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In which I have technical difficulties

· Performance,Interactivity,Storytelling

In case you missed the last action-packed blog post, here's a short recap:

To honor the 400th anniversary of Shakespeare's death, the team at Hamlet's Castle decided to transform the play into an interactive performance. They hired me to rework the story. Here's what happened.

When the team said "interactive play," they didn't mean the audience would be milling around on stage, bumping into the actors and knocking over the lights. They meant that they wanted to incorporate technology into the performance - specifically this sensor-based motion-capture suit that allows artists to create "a natural human presence in the digital world."

(Do you want to know more about the suit? Or are your eyes already glazing over? If it's the latter, well, all I can say is that I feel you. The truth is, I have almost zero interest in new technology. I am not an early adapter; I am a "Do I have to?" adapter. All I've ever wanted to be is a writer. For me, tech has always been a means to an end. If it helps us tell better stories and reach more people, then I'm interested. Otherwise, forget it!)

The good news is that tech is evolving to the point where playwrights and actors and writers can incorporate it into their projects in creative new ways. Here's how Rokoko explained the suit in their successful Kickstarter campaign:

"Motion capture is known to be expensive, require a lot of technical expertise and being limited by very specific practical surroundings. The Salto suit turns this upside down. All the technology is built into a plug & play suit. The system is ready to use the second you put it on. You can wear it and use it anywhere, and it doesn’t cost more than a smartphone. Salto is the future of motion capture and it introduces this useful and unique technology to everybody."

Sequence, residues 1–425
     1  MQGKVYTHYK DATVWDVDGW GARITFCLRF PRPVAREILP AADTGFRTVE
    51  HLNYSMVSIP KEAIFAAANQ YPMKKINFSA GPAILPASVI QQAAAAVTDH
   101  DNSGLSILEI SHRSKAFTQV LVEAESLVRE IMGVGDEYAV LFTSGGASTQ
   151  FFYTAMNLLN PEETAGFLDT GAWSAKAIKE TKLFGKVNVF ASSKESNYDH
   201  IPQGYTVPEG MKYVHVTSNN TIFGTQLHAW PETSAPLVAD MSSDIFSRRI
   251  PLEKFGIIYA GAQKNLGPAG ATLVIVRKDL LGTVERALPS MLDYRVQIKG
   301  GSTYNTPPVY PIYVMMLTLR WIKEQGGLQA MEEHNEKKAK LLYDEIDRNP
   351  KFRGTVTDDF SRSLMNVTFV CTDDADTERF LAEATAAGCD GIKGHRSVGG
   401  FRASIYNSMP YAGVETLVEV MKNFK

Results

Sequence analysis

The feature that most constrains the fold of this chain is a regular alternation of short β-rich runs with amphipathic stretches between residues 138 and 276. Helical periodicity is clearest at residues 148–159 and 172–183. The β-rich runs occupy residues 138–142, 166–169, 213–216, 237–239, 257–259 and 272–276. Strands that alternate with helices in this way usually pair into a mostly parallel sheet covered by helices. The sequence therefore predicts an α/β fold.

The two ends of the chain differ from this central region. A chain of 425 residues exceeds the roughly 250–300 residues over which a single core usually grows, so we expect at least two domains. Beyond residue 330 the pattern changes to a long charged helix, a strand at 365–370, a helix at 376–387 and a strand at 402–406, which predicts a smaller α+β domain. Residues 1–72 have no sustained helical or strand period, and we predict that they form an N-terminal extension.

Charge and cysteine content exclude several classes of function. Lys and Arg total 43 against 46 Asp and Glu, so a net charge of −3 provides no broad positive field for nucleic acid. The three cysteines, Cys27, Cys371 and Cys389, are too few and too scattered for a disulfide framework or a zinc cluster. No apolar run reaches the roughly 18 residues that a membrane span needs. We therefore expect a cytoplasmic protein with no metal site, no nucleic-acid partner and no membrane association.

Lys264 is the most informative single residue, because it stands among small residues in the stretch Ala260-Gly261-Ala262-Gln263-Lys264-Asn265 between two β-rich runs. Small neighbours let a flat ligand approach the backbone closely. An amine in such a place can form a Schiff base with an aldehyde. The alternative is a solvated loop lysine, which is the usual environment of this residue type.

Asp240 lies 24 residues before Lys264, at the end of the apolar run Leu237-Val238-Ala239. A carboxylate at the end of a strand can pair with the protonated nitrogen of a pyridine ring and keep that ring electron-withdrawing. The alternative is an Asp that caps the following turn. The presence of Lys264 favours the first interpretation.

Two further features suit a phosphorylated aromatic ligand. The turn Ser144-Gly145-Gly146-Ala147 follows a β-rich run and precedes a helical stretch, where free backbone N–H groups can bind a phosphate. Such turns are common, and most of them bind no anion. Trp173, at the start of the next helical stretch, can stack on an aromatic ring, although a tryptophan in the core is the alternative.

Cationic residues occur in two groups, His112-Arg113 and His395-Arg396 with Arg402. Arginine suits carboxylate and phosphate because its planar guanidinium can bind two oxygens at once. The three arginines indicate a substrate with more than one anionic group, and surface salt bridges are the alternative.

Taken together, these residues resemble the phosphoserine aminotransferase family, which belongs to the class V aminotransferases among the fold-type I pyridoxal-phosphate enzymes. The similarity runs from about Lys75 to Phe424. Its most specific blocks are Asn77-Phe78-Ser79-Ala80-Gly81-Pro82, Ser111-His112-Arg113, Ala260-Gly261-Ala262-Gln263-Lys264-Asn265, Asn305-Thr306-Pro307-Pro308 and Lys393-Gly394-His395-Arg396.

And here is a frog to tell you more:

In our play, there will be exactly one flesh-and-blood actor performing on stage in front of the audience: Hamlet himself. When he approaches the enormous mirror/screen onstage, an avatar version of himself will appear inside the mirror. Real-life Hamlet will control avatar Hamlet, who will interact with the virtual play taking place inside. Real Hamlet will also interact with the live audience. Oh, and did I mention there will be a play within the play? Yes! Very simple to pull off! 

Here's the man himself, thinking it all through:

I'll admit, this seems overly complicated. But the source material is perfect for this, because Hamlet is a character that lives in his head, and so much of this version of the play will take place in his (virtual) head in front of an audience.

The tech opens up all kinds of possibilities. It lets us blur the lines between make-believe and real-world to an entirely new degree.

So excited to see technology used for something other than this:

Are you still reading? Am I still writing? Is there more tech to explain? Can I have a beer?

Let's take a break and look at some puppies:

I feel better. 

OK, enough tech talk. In the next post, we will get into the good stuff: the story itself.

Hamlet, you're in for it.

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